Kindergarten readiness might be more important than you think. Find out how you can encourage your child's development and school success.
By Mayo Clinic Staff
Your child is old enough to start kindergarten — but is he or she ready? Recognize the factors that might affect your child's kindergarten readiness and what you can do to help him or her succeed in school.
Kindergarten marks the start of a child's formal education. A child's first school experiences can influence the way he or she relates to others for the rest of life. For example, success or failure at this stage can affect a child's well-being, self-esteem and motivation. As a result, it's important to make sure that when your child begins school he or she is developmentally ready to learn and participate in classroom activities.
Most schools use cutoff dates — deadlines by which a child must be a certain age — to determine who's eligible for a kindergarten class. Typically, a child must be age 5 before entering kindergarten. Age, however, isn't the only way to measure a child's kindergarten readiness.
When trying to determine if your child is ready for kindergarten, don't worry about whether or not he or she has mastered specific skills. Instead, consider his or her readiness to learn. How well is your child able to communicate and listen? Is your child able to get along with other children and adults? Use your own intuition as a parent and consult your child's doctor, preschool teacher and any other child care providers for useful, objective information about your child's development and readiness for school.
Keep in mind that some schools also require children to take a kindergarten readiness test to evaluate their abilities. While these tests aren't always accurate indicators of how well prepared a child is for school, you can use them as a way to gauge your child's development relative to other children of the same age.
Some parents choose to delay a child's entrance into kindergarten, believing that a child can gain an advantage in academics, athletics or social settings by being older than average for his or her grade. This is also common among boys who have birthdays near the cutoff date — with parents believing their child needs more time to mature.
However, research suggests that children who are old enough for kindergarten but postpone enrollment for one year don't perform any better than children who enter at the usual age — particularly if the child remains in an environment where readiness wasn't being fostered. In addition, other studies show that a child who is old for his or her grade is at higher risk of behavior problems during adolescence.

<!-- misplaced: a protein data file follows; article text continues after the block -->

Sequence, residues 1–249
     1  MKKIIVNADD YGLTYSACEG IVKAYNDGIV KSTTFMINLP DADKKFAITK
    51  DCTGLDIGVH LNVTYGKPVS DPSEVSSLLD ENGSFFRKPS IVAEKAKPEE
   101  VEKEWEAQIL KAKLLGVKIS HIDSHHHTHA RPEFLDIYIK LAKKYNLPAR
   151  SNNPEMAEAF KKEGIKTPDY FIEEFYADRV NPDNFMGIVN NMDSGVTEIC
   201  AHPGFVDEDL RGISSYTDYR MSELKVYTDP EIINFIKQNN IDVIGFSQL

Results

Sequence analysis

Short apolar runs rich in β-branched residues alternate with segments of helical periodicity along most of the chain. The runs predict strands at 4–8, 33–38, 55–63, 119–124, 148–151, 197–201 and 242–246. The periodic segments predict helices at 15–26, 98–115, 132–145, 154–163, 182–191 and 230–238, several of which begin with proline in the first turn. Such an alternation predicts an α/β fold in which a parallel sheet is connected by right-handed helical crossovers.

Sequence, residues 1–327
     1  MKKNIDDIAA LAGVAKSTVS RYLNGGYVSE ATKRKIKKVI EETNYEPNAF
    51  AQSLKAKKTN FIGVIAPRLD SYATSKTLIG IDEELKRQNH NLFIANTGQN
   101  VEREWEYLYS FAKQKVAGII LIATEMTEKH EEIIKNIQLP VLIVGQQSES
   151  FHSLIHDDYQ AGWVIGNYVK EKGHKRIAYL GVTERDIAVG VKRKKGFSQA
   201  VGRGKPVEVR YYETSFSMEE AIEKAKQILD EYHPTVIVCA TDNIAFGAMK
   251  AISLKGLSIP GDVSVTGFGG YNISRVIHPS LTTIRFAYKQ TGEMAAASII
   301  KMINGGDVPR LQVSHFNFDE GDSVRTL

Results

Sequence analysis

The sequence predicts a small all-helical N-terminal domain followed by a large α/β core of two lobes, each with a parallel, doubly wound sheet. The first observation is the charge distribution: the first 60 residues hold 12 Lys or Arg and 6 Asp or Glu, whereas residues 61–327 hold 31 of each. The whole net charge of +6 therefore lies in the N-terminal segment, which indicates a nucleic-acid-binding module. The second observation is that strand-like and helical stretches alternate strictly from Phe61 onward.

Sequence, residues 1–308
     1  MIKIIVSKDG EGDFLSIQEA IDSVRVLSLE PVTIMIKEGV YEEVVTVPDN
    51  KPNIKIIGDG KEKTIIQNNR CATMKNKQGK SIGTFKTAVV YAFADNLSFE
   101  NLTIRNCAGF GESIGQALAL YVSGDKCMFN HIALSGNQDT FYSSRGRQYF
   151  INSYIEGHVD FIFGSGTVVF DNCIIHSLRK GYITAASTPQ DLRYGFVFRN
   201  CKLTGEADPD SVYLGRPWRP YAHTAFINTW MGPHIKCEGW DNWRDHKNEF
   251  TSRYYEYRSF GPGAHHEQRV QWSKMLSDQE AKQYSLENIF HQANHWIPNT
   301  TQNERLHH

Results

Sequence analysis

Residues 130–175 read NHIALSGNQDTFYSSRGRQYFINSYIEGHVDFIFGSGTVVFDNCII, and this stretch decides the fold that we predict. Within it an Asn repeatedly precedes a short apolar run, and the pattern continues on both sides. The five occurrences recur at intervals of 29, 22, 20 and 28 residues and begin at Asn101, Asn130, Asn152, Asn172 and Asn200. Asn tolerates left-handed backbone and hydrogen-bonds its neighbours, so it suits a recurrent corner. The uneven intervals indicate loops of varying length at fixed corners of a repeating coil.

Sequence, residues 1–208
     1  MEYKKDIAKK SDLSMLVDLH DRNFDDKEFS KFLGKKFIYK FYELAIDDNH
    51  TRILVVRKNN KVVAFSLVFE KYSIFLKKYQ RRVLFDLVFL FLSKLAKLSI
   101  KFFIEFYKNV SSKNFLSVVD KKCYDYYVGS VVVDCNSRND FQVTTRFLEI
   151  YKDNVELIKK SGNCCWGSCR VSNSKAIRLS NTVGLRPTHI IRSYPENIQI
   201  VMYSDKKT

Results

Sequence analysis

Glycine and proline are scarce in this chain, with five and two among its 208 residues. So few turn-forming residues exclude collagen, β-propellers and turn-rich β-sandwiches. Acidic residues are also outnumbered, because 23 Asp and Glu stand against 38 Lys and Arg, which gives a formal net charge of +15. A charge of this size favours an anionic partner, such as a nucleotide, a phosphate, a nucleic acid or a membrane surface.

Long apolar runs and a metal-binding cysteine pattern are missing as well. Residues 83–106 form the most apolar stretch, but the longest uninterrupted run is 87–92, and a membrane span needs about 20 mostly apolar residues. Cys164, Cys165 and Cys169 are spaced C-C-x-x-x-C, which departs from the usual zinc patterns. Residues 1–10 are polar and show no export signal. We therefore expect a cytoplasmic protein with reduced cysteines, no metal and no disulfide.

You can take many steps to help your child prepare for kindergarten. For example:
- Keep your child healthy. Ensure that your child eats healthy foods, gets plenty of sleep and visits the doctor on a regular basis. Before the start of kindergarten, make sure your child has had a recent physical exam and is up to date on immunizations.
- Develop routines. Choose regular times for your child to eat, play and sleep each day. This will help your child know what to expect and what's expected from him or her.
- Encourage the development of basic skills. Work with your child to help him or her recognize letters, numbers, colors and shapes.
- Read, rhyme and play games with your child. Make reading a daily family activity. Rhyming and playing with your child also are important for his or her development.
- Expose your child to learning experiences. Look for opportunities to broaden your child's horizons, such as preschool. Take your child to the museum or enroll him or her in community art or science programs.
- Encourage socialization. Promote your child's social development by signing him or her up for group activities and inviting friends to go on outings. Encourage your child to share, express his or her feelings, practice taking turns, and follow simple directions.
- Talk about kindergarten. Build enthusiasm and lessen anxiety by explaining what your child's routine might be like in kindergarten. Before school begins, take him or her to the school and, if possible, check out the classroom. Get your child involved in shopping for school clothes.
Aug. 23, 2013
- Shelov SP, et al. Caring for Your Baby and Young Child: Birth to Age 5. 5th ed. New York, N.Y.: Bantam Books; 2009:383.
- Harris LL. School readiness. http://www.uptodate.com/home. Accessed June 17, 2013.
- High PC. School readiness. Pediatrics. 2008;121:e1008.